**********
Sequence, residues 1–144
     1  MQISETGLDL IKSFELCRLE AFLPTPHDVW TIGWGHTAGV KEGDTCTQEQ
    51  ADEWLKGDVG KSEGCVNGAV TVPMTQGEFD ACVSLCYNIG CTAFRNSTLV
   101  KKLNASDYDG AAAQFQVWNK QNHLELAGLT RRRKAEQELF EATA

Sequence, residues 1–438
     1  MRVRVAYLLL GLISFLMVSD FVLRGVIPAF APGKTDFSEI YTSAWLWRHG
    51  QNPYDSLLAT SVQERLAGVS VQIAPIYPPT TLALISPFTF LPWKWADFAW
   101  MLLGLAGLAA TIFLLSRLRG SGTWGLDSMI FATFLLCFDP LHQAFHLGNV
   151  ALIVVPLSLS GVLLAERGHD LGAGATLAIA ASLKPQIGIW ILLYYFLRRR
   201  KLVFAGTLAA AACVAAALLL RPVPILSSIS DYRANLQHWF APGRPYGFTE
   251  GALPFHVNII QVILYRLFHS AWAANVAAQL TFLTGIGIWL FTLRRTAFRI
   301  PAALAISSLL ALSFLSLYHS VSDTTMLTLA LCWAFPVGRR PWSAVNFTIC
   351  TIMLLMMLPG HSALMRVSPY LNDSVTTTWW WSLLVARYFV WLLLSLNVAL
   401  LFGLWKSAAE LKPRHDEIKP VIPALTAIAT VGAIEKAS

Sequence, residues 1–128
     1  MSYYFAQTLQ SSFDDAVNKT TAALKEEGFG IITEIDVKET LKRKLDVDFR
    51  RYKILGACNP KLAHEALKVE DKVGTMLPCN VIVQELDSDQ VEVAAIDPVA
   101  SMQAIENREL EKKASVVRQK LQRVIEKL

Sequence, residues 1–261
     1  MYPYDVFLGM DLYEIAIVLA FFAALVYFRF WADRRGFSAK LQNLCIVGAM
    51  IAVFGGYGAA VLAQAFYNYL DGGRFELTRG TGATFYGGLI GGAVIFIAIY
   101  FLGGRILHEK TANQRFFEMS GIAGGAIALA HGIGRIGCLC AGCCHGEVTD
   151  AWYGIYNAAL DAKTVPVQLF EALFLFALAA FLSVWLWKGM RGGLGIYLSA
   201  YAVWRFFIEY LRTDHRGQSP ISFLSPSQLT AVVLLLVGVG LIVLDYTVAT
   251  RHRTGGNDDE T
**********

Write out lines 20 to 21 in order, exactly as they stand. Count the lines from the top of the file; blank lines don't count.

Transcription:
     1  MYPYDVFLGM DLYEIAIVLA FFAALVYFRF WADRRGFSAK LQNLCIVGAM
    51  IAVFGGYGAA VLAQAFYNYL DGGRFELTRG TGATFYGGLI GGAVIFIAIY